Our post-production facility has many networked computer-based editing and media management systems. In the administration of these bread-and-butter production systems, I have one hard-and-fast rule — no Internet connections. Oh, sure, we have lots of “connected” workstations, separated from the production workstations with physical space. Only “sneakernet” is used to transfer files between these two worlds. I had an Internet-connected DVD workstation that was destroyed by an e-mail virus a few years ago, which confirmed my policy. And, our office network has been attacked on numerous occasions, requiring us to implement some of the firewall and anti-virus techniques described in October's issue.
I would like to see an article on ways to enable isolated networks to still share files with Internet-enabled networks, on a selective basis. As an example, a client sends us a logo graphic file to use in a spot. We download it on the office network, dump it to a disk (or jump-drive or firewire drive or whatever) and connect that to the production network. How about a separate connection to that office network, with a way to temporarily enable a file-transfer connection, just for the amount of time needed to transfer the info? This, effectively, isolates the production system from the Internet, while still enabling us to be “connected” to the outside world.
Brad Gilmer responds:
There are several things you can do to “cautiously connect” your broadcast network to the Internet. At a high level, one approach would be to build two independent networks, one for the broadcast network and one for the business/Internet. You can then control what crosses over between the two networks based upon things like protocol, MAC address of the source or destination computer, or some other parameters.
Another thing you can do is use dual-homed hosts — servers with two NIC cards. You plug one NIC card into the broadcast network and one NIC card into the business/Internet network. The server can be configured to make its data available on both networks. Also, most servers can be configured to be a router, routing permitted traffic between the two networks. While you can use the server to do both jobs, I suggest you use the server to deliver its content to both networks, but use a separate router to control the traffic moving between the two networks.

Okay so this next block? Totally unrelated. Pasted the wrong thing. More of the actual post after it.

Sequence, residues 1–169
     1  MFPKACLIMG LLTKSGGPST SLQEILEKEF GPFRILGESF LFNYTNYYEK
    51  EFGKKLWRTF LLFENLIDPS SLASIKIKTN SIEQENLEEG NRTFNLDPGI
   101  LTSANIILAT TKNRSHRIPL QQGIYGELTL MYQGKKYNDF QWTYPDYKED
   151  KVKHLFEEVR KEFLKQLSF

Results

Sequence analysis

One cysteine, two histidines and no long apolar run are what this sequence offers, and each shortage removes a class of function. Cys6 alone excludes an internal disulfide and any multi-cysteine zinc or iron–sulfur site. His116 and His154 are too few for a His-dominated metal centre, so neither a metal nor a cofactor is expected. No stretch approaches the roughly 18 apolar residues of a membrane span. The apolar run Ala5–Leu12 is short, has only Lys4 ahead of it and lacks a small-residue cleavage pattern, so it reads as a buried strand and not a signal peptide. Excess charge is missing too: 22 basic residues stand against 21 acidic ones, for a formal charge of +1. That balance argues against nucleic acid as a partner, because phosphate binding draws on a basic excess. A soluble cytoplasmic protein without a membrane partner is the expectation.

Dear Michael Robin,
I bought both of your books, but I'm struggling against the pixels. Are the pixels that you sample really displayable pixels, or just samples?
If they are samples, can you never reach more real display pixels than half the samples (Nyquist)?
Michael Robin responds:
If you are sampling an analog video signal, the horizontal resolution, (expressed in LPH) is equal to the maximum video frequency multiplied by the resolution factor. You can't do better! The CCIR 601 maximum allowable frequency is 5.75MHz (lower than the 6.75 Nyquist frequency) so the resulting resolution, at best, is approximately 455LPH. If, on the other hand, you have a concatenation of conversions back and forth between analog and digital, as in a broadcasting studio, the end result cannot be better than what the resulting analog frequency response allows. This will definitely be lower than 5.75MHz.
If you are talking about samples, CCIR 601, 720 active horizontal samples equals 360 sinewaves during an active line, or a resulting frequency of 6.75MHz. So, because the maximum video frequency is 5.75MHz, we have no hope of ever displaying so many pixels on an active line. What we can hope to see is about 613 pixels per active line.
Bear in mind that we live in a mixed analog/digital world!
Q. Name the company and product name of the first videodisk recorder for ENG applications.
A. NEC Diskcam
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